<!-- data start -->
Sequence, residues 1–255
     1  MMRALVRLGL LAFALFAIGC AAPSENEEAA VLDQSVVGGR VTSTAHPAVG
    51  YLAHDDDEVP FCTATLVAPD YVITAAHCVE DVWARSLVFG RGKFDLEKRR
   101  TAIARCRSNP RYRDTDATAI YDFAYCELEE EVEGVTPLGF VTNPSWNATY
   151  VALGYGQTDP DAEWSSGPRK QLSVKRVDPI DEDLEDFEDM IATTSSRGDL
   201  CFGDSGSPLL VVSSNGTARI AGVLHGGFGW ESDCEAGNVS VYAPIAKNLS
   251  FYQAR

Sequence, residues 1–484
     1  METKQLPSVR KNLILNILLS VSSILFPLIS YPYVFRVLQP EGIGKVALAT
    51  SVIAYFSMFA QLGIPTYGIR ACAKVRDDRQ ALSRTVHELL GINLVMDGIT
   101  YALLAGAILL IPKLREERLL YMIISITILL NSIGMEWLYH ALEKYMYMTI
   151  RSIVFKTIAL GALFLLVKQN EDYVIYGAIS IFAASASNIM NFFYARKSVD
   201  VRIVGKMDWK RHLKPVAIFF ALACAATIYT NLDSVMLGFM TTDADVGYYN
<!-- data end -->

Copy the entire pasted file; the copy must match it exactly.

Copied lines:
Sequence, residues 1–255
     1  MMRALVRLGL LAFALFAIGC AAPSENEEAA VLDQSVVGGR VTSTAHPAVG
    51  YLAHDDDEVP FCTATLVAPD YVITAAHCVE DVWARSLVFG RGKFDLEKRR
   101  TAIARCRSNP RYRDTDATAI YDFAYCELEE EVEGVTPLGF VTNPSWNATY
   151  VALGYGQTDP DAEWSSGPRK QLSVKRVDPI DEDLEDFEDM IATTSSRGDL
   201  CFGDSGSPLL VVSSNGTARI AGVLHGGFGW ESDCEAGNVS VYAPIAKNLS
   251  FYQAR

Sequence, residues 1–484
     1  METKQLPSVR KNLILNILLS VSSILFPLIS YPYVFRVLQP EGIGKVALAT
    51  SVIAYFSMFA QLGIPTYGIR ACAKVRDDRQ ALSRTVHELL GINLVMDGIT
   101  YALLAGAILL IPKLREERLL YMIISITILL NSIGMEWLYH ALEKYMYMTI
   151  RSIVFKTIAL GALFLLVKQN EDYVIYGAIS IFAASASNIM NFFYARKSVD
   201  VRIVGKMDWK RHLKPVAIFF ALACAATIYT NLDSVMLGFM TTDADVGYYN